Senate Democrats yesterday retreated from forcing a debate about giving illegal-alien students a path to citizenship in the middle of the defense bill, although Majority Leader Harry Reid promised to find time before the end of the year for a vote on the proposal.
“We will move to proceed to this matter before we leave here. I”m going to do my utmost to do it by November 16,” Mr. Reid, Nevada Democrat, said last night.
The proposal faced strong opposition from Republicans who objected to mixing immigration with the defense bill and who vowed to filibuster to defeat the measure if Democrats insisted on bringing it up now.
Sen. John Cornyn, Texas Republican, told The Washington Times last week that enough Republicans were opposed to mixing the two debates that they could block the amendment. Late yesterday, Republicans moved to cut off debate on the defense bill, leaving Democrats with practically no options for inserting their proposal, known as the Dream Act.
The bill would have applied to illegal aliens who were brought to the United States before age 16, have been in the country at least five years and have graduated from high school or obtained an equivalency degree. They are granted legal status and have six years to complete two years of college or serve in the military.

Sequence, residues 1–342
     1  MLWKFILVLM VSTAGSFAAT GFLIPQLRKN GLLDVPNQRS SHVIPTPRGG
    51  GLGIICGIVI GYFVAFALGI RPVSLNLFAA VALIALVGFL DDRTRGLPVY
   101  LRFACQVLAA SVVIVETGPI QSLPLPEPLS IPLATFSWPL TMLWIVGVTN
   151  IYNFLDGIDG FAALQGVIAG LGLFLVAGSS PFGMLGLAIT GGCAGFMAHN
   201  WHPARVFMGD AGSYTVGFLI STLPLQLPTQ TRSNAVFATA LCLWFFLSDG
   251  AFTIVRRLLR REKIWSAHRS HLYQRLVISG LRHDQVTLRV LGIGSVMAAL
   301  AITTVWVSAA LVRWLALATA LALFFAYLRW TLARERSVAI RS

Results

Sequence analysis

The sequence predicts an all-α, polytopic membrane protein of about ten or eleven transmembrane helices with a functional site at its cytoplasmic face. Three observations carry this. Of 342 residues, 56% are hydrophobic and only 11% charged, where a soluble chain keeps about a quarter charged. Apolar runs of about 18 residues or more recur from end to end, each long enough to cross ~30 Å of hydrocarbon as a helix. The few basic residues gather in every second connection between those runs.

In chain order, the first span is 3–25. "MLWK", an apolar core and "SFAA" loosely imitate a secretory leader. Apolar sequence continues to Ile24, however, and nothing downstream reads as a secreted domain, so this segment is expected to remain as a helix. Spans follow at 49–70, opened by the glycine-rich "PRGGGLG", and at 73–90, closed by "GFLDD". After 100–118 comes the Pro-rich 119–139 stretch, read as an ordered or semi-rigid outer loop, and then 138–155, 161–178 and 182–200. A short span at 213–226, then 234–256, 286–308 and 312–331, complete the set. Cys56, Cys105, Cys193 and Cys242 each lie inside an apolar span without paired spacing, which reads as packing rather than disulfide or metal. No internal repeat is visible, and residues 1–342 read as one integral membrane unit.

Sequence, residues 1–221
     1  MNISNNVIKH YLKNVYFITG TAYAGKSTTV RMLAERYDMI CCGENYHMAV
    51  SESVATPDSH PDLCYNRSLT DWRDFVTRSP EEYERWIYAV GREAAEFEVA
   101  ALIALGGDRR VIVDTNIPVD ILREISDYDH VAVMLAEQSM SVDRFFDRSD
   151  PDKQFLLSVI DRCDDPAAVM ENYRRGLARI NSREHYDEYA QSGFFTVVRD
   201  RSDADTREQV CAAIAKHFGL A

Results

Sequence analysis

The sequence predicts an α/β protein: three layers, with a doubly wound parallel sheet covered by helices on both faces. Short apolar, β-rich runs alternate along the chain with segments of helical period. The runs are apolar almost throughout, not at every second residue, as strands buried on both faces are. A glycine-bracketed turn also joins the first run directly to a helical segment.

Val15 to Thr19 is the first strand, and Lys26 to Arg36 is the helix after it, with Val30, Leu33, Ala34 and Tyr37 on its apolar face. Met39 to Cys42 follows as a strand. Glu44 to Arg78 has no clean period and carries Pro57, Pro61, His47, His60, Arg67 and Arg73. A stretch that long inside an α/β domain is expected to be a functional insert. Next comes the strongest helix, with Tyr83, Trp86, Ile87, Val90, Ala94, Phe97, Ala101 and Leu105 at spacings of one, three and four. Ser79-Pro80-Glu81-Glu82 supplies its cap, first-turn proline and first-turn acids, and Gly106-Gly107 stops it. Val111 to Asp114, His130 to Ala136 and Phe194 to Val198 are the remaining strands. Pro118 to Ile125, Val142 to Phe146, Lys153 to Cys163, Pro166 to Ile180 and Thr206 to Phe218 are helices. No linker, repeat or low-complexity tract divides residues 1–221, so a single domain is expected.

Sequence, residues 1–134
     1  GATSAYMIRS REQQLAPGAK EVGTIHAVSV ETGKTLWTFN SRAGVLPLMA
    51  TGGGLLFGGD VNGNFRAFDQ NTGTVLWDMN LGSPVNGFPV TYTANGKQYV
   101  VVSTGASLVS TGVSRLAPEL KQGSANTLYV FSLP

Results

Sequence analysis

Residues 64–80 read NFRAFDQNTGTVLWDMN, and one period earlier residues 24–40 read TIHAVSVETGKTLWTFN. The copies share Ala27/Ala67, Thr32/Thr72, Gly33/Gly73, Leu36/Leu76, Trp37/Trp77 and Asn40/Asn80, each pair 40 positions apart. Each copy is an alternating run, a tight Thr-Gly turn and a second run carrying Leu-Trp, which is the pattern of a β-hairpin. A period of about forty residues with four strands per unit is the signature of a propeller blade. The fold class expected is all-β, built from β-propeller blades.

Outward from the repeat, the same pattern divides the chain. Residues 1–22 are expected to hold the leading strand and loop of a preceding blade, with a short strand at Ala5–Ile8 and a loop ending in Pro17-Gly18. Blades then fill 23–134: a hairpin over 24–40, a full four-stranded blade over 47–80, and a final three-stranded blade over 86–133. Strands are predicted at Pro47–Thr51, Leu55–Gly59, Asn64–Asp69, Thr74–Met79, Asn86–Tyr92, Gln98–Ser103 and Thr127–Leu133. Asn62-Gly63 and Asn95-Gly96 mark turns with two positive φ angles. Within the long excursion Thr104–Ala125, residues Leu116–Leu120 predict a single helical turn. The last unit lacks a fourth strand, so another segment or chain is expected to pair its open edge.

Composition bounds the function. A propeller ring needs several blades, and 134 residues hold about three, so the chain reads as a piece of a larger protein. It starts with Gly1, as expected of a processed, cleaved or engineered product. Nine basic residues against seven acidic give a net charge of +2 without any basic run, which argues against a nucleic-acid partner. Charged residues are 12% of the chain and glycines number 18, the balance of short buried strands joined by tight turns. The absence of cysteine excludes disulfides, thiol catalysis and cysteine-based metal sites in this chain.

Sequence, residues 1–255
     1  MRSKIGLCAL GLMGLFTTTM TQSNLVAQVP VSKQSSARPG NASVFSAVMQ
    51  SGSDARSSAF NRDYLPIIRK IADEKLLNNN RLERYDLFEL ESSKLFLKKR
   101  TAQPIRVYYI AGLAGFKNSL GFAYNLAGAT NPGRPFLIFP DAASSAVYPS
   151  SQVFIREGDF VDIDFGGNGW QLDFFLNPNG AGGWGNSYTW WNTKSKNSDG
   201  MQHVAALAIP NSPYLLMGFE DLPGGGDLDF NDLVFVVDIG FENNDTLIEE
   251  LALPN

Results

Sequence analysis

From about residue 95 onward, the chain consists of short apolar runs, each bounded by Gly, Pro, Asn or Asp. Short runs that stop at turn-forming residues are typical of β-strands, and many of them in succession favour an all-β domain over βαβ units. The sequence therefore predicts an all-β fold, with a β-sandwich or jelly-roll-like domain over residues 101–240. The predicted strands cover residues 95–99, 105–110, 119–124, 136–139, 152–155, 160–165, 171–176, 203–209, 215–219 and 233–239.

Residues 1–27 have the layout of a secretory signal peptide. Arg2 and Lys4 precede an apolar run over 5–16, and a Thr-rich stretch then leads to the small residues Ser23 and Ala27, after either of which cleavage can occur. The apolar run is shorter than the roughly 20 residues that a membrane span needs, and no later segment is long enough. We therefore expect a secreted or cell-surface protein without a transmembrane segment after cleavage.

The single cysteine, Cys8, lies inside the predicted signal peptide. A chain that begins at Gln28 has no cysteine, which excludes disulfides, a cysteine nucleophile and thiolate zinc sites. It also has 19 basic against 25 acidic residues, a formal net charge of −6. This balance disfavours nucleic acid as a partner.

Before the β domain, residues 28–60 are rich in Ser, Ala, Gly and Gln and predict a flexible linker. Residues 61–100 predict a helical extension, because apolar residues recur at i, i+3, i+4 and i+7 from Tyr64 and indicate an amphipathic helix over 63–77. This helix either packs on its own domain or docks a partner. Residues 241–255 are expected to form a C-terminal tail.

Senate Majority Whip Richard J. Durbin, Illinois Democrat, tried to win extra support by altering the bill to cap eligibility to those younger than 30 and by eliminating a mandate that states offer in-state tuition to those who qualified for legal status.
“If you meet these people, you”ll come to understand the potential that they bring to America”s future,” he said.
He said it is unfair to punish children for their parents” illegal actions — a stance many Republicans share.
The Dream Act has become the top priority for Hispanic and pro-immigration groups and has become the top target for defeat for those who wish to crack down on illegals. The delay gives both sides a chance to rally support.
Decoupling the measure from the defense bill gives it a better chance of passage, but it also means another contentious issue for Mr. Reid to schedule before Congress adjourns for the year. Another immigration-related proposal — to legalize illegal-alien agriculture workers — is also expected to come up for debate.
Copyright © 2023 The Washington Times, LLC. Click here for reprint permission.
Click to Read More and View Comments
Click to Hide
Please read our comment policy before commenting.